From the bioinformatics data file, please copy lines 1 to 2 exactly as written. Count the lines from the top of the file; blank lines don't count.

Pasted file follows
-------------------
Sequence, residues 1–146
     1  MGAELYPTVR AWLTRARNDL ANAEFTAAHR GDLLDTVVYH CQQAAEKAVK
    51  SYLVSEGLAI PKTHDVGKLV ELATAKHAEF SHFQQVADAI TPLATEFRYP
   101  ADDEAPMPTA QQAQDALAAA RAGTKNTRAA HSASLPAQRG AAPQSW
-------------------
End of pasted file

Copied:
Sequence, residues 1–146
     1  MGAELYPTVR AWLTRARNDL ANAEFTAAHR GDLLDTVVYH CQQAAEKAVK